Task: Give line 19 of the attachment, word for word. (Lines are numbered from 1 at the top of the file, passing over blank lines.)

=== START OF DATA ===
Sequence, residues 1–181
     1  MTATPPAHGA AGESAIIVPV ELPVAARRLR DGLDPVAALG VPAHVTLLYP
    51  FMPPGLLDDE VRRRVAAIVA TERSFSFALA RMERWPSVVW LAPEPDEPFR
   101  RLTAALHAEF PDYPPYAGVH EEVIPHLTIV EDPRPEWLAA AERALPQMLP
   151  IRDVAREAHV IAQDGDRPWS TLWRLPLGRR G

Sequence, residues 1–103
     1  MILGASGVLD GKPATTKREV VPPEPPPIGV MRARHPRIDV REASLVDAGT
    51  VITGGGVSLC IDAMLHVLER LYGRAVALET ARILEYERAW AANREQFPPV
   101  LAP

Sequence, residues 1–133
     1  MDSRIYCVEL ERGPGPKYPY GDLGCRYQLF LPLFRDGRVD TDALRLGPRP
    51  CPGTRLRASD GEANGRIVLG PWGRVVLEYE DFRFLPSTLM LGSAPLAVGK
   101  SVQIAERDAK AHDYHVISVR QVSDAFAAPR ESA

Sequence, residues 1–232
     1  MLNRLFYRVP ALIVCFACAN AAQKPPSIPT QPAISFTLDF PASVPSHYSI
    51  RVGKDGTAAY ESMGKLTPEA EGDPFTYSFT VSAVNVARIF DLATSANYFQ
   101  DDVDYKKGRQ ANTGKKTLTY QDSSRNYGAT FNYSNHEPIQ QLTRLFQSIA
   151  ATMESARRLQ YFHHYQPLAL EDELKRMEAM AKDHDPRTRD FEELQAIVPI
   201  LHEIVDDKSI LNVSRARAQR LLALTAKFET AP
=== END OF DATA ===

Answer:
   201  LHEIVDDKSI LNVSRARAQR LLALTAKFET AP